That after action piece Dan is important…what would you do differently now that you know what you know.
And, of course, that is the time to ID who/what to celebrate/recognize especially with volunteers, but with anyone.
When you spend that time reflecting (and celebrating) you gain such a valuable perspective. And perhaps don’t gloss over a nugget or two that in the brouhaha of life we might miss. Plus, for leaders, reflection can be a recharge moment acknowledging the path you are on is a good one.
Hi Doc. Knowing is a transition state and the starting point for the next endeavor and in these dynamic times simply the platform for the next take off. The word knowing implies yesterday, today who knows, and tomorrow no one knows. 🙂 Like someone a lot smarter said ” I only know that I don’t know.” The search continues. Best, AD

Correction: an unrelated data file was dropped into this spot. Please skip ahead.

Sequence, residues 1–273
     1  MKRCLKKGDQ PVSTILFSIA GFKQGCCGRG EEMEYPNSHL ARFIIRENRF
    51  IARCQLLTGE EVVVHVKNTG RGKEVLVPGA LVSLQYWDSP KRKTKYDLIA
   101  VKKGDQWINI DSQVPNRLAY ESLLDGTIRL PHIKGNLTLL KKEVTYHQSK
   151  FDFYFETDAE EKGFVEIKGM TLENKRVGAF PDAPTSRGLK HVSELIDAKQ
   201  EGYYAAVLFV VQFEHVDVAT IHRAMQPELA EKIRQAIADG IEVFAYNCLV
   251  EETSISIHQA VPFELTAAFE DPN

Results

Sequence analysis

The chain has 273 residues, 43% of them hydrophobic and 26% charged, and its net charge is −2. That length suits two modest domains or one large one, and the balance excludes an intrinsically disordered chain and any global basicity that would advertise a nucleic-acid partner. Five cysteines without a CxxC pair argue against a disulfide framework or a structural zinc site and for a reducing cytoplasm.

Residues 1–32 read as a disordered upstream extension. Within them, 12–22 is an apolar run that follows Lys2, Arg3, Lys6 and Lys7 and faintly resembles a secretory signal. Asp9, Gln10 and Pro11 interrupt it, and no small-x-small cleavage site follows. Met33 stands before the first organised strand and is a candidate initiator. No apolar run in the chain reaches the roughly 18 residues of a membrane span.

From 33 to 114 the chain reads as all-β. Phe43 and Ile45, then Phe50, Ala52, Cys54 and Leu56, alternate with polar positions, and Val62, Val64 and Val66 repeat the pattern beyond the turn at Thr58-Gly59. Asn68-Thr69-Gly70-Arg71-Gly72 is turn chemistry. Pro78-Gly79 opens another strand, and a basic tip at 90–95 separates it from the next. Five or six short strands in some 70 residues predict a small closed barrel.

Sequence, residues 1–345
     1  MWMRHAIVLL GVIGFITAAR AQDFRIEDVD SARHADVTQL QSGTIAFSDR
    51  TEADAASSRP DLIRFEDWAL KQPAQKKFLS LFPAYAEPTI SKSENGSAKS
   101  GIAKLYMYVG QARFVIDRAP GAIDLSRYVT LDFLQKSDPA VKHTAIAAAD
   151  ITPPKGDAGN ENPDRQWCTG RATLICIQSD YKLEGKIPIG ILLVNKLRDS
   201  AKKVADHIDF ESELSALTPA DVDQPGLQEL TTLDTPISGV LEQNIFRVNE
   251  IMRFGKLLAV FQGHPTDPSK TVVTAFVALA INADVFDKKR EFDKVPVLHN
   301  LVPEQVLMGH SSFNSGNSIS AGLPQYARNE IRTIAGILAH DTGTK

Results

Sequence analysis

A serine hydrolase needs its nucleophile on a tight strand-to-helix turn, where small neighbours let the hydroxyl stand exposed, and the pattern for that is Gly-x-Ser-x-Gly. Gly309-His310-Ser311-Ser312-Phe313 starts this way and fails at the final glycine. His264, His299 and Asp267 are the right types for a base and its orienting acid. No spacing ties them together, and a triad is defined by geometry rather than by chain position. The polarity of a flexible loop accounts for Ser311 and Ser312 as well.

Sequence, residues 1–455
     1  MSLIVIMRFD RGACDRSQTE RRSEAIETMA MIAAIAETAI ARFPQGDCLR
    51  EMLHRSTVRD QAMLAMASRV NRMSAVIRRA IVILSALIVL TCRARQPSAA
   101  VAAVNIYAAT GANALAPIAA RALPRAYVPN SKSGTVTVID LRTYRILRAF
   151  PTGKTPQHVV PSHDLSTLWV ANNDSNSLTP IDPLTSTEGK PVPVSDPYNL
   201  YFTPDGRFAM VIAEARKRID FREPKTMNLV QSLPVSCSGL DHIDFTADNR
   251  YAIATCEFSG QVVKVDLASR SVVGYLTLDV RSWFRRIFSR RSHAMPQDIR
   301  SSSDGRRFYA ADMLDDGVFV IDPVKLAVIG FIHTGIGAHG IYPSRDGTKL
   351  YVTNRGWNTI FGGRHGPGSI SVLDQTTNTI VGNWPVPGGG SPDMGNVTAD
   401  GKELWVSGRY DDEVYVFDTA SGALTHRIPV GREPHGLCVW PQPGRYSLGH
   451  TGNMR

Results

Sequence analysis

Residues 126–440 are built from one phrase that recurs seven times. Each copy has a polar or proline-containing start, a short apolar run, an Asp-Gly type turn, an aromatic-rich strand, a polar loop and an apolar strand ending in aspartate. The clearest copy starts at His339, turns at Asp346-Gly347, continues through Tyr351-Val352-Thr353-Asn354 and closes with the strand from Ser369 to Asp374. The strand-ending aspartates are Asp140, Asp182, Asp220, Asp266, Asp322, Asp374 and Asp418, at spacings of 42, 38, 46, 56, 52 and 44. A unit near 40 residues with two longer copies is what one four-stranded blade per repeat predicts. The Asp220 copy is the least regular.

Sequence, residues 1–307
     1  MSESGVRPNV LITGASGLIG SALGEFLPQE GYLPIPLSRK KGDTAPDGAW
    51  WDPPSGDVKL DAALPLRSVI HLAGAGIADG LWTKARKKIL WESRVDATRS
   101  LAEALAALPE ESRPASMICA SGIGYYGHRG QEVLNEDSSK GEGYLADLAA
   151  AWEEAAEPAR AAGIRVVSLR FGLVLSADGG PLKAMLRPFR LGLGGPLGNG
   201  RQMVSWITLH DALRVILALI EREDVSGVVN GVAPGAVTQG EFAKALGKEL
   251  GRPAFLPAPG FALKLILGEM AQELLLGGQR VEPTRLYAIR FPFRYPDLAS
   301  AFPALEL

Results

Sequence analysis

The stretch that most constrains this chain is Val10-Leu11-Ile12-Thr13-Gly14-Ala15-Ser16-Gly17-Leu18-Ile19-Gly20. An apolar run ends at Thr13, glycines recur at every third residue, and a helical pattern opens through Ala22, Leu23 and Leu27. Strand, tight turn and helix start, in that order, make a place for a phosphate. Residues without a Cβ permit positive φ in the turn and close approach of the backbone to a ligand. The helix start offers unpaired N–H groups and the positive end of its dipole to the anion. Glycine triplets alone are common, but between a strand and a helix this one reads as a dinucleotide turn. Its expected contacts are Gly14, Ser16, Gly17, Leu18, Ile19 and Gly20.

Makin my brain hurt there Al!
Gotta keep pondering the imponderables!
Appreciate the time tense framework too…very important to our perspectives.
Good post to understand how best a new leader needs to be absorbed in a given work environment/culture. The best thing for any CEO is to invest his time in apprising the new incumbent about the organization’s brief history, its present and the future plans. Critical operational areas can then be briefed with specific management expectations. The management policies on business ethics and value systems part can be made very clear from the beginning. The new leader can then be introduced to all employees with the right medium of communication with full respect and the request to support him in his new endeavors.